Pension schemes could be devalued to meet new regulations

Pinsent Masons partner Jacqui Timmins explains why employers will be tempted to “level down” their pension contributions.

Employers could slash the value of their pension schemes to bring them in line with new regulations, experts have warned.

The government announced last week that from October 2012, firms will automatically enrol employees onto pension schemes. Those with more than 120,000 staff will be forced to contribute at least 1% to employee pensions and 3% by 2017.

But experts warned employers already offering more than 1% in pension contributions could be tempted to scale back their provisions.

Paul Macro, a senior consultant at professional services firm Towers Watson, said firms keen to ensure they met the new requirements, including the government’s definition of ‘pensionable pay’, would either be left with the “Herculean task” of checking contributions for each worker, or would devalue the whole package.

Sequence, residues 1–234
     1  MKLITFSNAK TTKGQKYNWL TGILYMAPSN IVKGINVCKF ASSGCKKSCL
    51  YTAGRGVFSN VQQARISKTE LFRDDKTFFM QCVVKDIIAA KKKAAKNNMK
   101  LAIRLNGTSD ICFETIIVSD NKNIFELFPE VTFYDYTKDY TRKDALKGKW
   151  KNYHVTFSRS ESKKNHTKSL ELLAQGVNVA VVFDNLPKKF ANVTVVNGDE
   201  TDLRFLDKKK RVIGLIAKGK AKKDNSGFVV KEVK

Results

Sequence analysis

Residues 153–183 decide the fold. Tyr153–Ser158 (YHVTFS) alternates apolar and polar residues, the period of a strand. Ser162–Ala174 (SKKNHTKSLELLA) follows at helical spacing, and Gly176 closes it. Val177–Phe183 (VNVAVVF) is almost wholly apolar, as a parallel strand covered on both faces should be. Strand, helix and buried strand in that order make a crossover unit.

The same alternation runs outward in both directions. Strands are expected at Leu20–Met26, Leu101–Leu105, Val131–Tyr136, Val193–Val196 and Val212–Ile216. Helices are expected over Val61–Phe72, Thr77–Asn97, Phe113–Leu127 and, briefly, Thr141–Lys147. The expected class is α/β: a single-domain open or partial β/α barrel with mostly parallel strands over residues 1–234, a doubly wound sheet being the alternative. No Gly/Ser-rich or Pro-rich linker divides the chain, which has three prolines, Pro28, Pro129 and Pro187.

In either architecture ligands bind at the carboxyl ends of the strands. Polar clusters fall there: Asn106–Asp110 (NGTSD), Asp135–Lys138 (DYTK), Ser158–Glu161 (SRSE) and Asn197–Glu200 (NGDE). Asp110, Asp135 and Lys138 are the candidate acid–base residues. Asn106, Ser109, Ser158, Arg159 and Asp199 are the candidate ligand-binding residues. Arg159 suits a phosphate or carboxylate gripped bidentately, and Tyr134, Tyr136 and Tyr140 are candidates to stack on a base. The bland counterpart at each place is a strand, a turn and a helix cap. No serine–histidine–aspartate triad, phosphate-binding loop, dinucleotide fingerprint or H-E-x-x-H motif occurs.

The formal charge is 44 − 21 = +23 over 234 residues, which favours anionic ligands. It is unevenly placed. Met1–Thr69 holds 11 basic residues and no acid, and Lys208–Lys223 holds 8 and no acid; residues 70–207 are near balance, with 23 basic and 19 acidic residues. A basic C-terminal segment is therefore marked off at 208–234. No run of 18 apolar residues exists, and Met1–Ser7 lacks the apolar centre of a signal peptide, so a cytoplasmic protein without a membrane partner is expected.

“A consequence of all of these changes is that we will see a levelling down [in employer contributions]. I can see some organisations saying it’s too difficult to do anything other than the minimum level,” he said.

A National Association of Pension Funds spokesman said: “[Levelling down] is something we are of course worried about – that’s why we are talking to the government. We want to ensure the system is as flexible as possible and is not burdensome so it will minimise the risk of levelling down.”

But Charles Cotton, rewards adviser at the Charted Institute of Personnel and Development, warned companies that devalued their pension provisions would see a negative affect on recruitment, engagement and performance.

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